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Autism: Breaking the silence in Detroit Lakes

Walks for autism happen all over the U.S., Canada and the U.K. through "Autism Speaks". Now, Detroit Lakes will join the fight with a similar walk, set for Saturday, June 25.1 / 2
Rob COX, special education teacher at Rossman, took the initiative to begin a grass-roots effort to bring more autism awareness and education to the Detroit Lakes Area, beginning with the first ever "Detroit Lakes Walk Now for Autism.2 / 2

Autism and its puzzling explosion has been baffling the best and the brightest doctors for years.

Luckily, they've got the young and ambitious on their side.

Rob Cox, 27, is rallying locals for the city's first ever "Detroit Lakes Walk Now for Autism."

The special ed teacher worked with autistic children in a West Des Moines elementary school, but when he moved to Detroit Lakes to do the same thing at Rossman Elementary two years ago, he was a little surprised.

"I had 24 kids on my caseload, but the public awareness wasn't where I thought it'd be," said Cox.

So, he's changing that.

The Hawley native who believes autistic children are fun and unique, gathered up his friends and family to form a committee to put together the inaugural walk, scheduled for Saturday June 25, at City Park.

One of those organizers is Detroit Lakes mom Sherri Johnson, whose 11-year-old son, Connor has autism.

"When he was a baby, he was hitting all his milestones, but then around 16 months, he stopped talking and started making high pitched squeals," said Johnson, who had at one time worked with autistic children as a special education teacher.

Since then, Johnson has not only worked with area teachers and extra curricular program coordinators to help them understand Connor, but finds getting the general public to understand autism has been more difficult.

"Especially when he was younger, people wondered why I couldn't just discipline him, but it wasn't that simple."

Cox says Johnson's experience with misinformed people is common.

"The biggest misconceptions that I've heard -- and I've heard it here in DL -- is that they're just little bratty kids or it's bad parenting, and that's sad to hear; it's as far from the truth as you can get."

The truth is, while the severity of autism varies greatly, those children always experience social struggles.

"They're very bright," Cox said, "they just don't really understand the social setting they're in, and will oftentimes have sensory issues as far as sight, touch, taste, smell, hearing .... they're really hyper-sensitive."

Johnson says Connor is high functioning and wants to make friends, but ends up spending a lot of time alone.

"The hardest thing for him is realizing he's different in some ways, but doesn't really know how to make the adjustment to fix it," said Johnson, "We always want him to fit in, but if he's having a fit or flapping his hands, people don't understand that it's soothing to him; they will just look at him funny."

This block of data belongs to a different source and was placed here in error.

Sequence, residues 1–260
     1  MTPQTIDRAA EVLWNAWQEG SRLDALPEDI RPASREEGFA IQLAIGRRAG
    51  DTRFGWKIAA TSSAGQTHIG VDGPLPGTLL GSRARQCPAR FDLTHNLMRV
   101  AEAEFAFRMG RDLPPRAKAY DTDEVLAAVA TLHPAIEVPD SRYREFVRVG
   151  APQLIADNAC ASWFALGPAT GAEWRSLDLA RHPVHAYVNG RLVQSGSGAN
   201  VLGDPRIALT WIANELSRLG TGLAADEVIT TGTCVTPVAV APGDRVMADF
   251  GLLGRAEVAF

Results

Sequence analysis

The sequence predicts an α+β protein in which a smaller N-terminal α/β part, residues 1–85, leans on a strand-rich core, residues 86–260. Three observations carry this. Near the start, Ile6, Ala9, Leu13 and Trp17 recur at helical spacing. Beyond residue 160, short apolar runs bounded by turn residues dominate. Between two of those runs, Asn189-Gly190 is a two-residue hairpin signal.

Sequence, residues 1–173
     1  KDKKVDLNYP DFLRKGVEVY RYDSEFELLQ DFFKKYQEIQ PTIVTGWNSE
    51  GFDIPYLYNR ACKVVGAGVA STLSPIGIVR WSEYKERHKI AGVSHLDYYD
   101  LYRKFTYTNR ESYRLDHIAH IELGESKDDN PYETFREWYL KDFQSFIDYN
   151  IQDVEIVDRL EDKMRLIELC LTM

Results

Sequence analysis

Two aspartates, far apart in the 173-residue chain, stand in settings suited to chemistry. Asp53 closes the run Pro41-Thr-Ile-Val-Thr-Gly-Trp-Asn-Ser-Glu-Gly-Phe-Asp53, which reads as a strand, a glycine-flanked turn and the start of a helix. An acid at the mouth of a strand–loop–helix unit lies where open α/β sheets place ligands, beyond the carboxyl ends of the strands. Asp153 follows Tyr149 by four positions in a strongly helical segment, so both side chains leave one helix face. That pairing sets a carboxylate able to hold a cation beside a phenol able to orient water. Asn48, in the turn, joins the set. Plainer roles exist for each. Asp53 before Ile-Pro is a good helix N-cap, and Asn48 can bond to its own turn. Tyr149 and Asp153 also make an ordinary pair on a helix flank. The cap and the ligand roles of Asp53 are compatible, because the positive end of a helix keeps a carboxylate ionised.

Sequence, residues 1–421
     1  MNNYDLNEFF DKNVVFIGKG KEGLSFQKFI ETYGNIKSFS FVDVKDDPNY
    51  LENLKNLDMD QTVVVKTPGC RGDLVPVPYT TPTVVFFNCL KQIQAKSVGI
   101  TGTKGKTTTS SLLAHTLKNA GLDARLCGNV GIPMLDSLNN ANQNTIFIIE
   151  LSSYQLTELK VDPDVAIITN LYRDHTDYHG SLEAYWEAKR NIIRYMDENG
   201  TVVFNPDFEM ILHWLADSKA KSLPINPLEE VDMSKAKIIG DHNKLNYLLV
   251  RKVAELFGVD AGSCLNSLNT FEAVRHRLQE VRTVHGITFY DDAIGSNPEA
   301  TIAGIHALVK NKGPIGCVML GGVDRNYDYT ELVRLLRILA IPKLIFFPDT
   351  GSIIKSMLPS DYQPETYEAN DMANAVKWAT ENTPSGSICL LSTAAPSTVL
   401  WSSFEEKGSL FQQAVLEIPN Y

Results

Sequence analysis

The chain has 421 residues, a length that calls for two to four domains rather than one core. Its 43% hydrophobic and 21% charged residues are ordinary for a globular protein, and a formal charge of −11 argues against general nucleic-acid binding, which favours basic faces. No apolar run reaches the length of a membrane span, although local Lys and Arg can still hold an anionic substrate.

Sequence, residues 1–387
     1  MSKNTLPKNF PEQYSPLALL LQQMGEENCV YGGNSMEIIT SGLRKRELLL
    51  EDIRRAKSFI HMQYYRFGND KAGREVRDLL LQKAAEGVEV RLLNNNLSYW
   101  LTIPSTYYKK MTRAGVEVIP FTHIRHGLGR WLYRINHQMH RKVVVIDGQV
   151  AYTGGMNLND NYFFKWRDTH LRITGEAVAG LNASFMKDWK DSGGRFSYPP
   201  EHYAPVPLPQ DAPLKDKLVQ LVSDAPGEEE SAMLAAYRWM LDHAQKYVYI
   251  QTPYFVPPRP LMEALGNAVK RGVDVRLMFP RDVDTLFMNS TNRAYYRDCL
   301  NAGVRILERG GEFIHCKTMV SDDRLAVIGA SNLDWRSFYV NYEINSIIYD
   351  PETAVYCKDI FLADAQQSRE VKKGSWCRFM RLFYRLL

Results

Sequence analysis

Statistics show that over the past 15 years, the number of children in the U.S. diagnosed with autism has skyrocketed from 1 in 1,000 to 1 in 110 now (and 1 in 70 boys).

"Part of that is the fact that lots of these kids were misdiagnosed as bipolar or schizophrenic before we knew much about autism, but it's still obviously rising dramatically, and although doctors are always coming up with new ways to treat it, our hope is that they find a cure."

That's how Cox and his friends believe they can help.

The group is busy getting raffle donations together, while sending out fundraising envelopes to residents willing to walk in the event.

Money raised will go to "Autism Speaks," a worldwide organization dedicated to tackling the disorder.

So far, Cox says they have 10 teams signed up, with four to six people on a team, but they are shooting for at least 300 people.

There will be games and a jump house for kids, as well as music and nationally known autism speaker Barb Stanton.

Registration goes from noon to 1 p.m., with the two-mile walk beginning at 1:15 p.m..

"We'll have a resource fair of different organizations in our community that can help out parents as well to find different care," said Cox, "including respite care, in-home care, life coaches, occupational therapy and more."

Johnson says she believes awareness of autism and support from the public could help more people in the community than it might seem.

"Since getting involved with this, I've met so many people who either have autistic children right here in our area, or know of somebody who does -- I had no idea."

For more information on the event or to donate to the raffle, call Cox at 701-261-9605, log on to www.givenow.autismspeaks/detroitlakeswalk or search for them on Facebook at Detroit Lakes Walk Now for Autism.

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